“Sometimes what doesn’t kill you doesn’t make you stronger. Sometimes it just should have killed you.” Will Ferrell wrote that eleven years ago, and while it was about President George W. Bush at the time, they may as well have been Uncharted which started its long, tortuous assent to the big screen at the same time.
In theory, a film spends that long in development hell as it gets refined into something good enough to make it to the big screen. Just as often, though, the dying movie turns into a zombie like Uncharted, limping along until it whatever has been stopping it gives up and it makes its way back to the land of the living when what it really needs is a bullet in the head.
Following in the path of the popular PlayStation game, Uncharted introduces us to young Nathan Drake (Tom Holland), theoretically a descendant of the famed explorer Francis Drake who wants to follow in his ancestor’s footsteps for the same reasons… ill-gotten gains.
When a mysterious stranger (Mark Wahlberg) offers him the chance to do just that and even better meet back up with his long lost brother Sam, Nathan can’t say no even though he should.
Before long, he is being chased through the sewers of Barcelona by a knife-wielding maniac (Tati Gabrielle) and an obsessed billionaire (Antonio Banderas) trying to figure out both how he got there and the clues that will lead him to the treasure of a lifetime.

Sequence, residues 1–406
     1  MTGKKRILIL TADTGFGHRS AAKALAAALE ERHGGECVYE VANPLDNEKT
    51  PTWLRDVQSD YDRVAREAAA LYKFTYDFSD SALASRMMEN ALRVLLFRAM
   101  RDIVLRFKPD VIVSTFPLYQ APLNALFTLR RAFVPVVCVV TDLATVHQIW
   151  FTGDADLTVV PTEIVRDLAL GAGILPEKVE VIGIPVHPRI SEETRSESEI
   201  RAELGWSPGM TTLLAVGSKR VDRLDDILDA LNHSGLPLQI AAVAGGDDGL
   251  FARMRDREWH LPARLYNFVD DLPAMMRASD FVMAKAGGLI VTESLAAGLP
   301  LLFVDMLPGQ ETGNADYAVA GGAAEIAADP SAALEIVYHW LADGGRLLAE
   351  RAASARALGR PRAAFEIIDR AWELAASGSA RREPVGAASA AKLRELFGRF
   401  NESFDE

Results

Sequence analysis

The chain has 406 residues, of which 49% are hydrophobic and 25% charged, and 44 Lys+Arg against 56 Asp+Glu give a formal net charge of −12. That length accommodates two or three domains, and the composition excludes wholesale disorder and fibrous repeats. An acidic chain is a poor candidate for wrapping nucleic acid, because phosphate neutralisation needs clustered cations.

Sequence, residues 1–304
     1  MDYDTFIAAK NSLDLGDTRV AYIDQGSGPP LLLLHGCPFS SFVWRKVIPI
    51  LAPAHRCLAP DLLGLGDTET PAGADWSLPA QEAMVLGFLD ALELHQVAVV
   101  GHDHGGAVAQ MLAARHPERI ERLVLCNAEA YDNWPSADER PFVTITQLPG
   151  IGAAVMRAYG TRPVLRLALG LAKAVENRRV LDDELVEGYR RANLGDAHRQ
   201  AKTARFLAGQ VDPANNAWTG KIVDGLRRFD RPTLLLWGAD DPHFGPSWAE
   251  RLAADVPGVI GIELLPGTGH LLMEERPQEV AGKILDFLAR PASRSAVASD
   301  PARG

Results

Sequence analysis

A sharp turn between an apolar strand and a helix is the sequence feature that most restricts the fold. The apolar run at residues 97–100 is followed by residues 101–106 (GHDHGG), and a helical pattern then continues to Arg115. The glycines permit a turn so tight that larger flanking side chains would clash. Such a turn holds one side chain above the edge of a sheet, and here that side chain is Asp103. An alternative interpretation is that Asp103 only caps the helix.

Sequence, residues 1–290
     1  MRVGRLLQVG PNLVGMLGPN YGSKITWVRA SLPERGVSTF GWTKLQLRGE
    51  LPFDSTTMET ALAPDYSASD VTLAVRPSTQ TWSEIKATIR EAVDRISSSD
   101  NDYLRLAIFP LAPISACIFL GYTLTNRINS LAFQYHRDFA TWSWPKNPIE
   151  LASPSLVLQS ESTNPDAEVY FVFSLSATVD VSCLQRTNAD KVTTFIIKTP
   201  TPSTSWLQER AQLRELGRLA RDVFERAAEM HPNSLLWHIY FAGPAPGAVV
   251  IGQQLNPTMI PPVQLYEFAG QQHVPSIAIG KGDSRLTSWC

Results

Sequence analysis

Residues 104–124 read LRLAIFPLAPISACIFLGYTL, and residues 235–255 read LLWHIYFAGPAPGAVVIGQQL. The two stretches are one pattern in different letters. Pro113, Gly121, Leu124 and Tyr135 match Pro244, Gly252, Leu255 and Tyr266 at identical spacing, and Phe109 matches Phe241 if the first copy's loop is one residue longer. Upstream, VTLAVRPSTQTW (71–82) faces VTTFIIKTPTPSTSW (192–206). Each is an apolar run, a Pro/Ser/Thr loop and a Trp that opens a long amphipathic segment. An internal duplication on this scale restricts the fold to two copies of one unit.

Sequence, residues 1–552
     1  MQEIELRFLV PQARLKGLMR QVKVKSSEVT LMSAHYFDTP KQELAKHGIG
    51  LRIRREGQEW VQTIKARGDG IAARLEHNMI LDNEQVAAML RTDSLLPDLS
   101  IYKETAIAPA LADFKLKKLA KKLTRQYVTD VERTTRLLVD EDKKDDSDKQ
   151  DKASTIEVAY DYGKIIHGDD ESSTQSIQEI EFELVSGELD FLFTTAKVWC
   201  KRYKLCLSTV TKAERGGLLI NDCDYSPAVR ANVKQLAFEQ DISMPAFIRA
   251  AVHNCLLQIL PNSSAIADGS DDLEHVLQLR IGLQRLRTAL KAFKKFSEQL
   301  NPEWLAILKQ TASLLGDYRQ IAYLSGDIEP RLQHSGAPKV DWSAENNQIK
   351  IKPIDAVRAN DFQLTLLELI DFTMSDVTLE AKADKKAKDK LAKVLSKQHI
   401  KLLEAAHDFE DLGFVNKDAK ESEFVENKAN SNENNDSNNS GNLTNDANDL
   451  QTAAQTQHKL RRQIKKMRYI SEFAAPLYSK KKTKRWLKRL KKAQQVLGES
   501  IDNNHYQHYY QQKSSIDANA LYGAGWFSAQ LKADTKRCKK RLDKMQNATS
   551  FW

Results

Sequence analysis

Uncharted the film, like Uncharted the game, wears its influences on its sleeve without shame… bits of Indiana Jones, bits of National Treasure and even a little bit of Super Mario Bros.
While Nathan Drake has become an iconic character in the world of video games, that is also a world where, by definition, protagonists are built to encapsulate their players either by being completely anonymous or a cornucopia of popular tropes rather than actual characters.
What’s left, once the cameras roll, is the shell of person animated by the charisma of whoever is inhabiting it and hoping that is enough.
Holland is an excellent Spider-Man but doesn’t fit as easily into a world of ne’er-do-wells, con-artists or cut throats which requires more believability as a weathered, experienced man of the world than this version of Nathan Drake (or his actor) can manage.
In place of that, director Ruben Fleischer (Venom) and his writers offer up quips, quips and more quips, trying to manufacture screen chemistry out of thin air between Nathan and his allies Sully and Chloe (Sophia Ali). Everyone works really hard at it, but without much to offer between the surface version of character interaction and various screen puzzles, it tends to fall flat.
And like the characters, the puzzles aren’t well integrated into Uncharted, making all of the artificiality even more noticeable.
Rather than lead logically from one set piece to the next, they come across as entirely reverse engineered, starting with the endpoint and the decision that a clue needs to point to that destination whether it makes sense or not. As long as it’s there, that’s all that matters.
And that’s pretty much how you can describe Uncharted. It’s there. The actors are all good at what they do, the set pieces are decently put together and very over the top and there’s a decent bit of humor tying it all together.
And not for one minute will you believe any of it, not from the intentional unreality of big budget Hollywood but the complete lack of anything else. Uncharted isn’t awful, sometimes it’s even fun. But it is kind of soulless and that’s how you’re likely to feel coming out of it.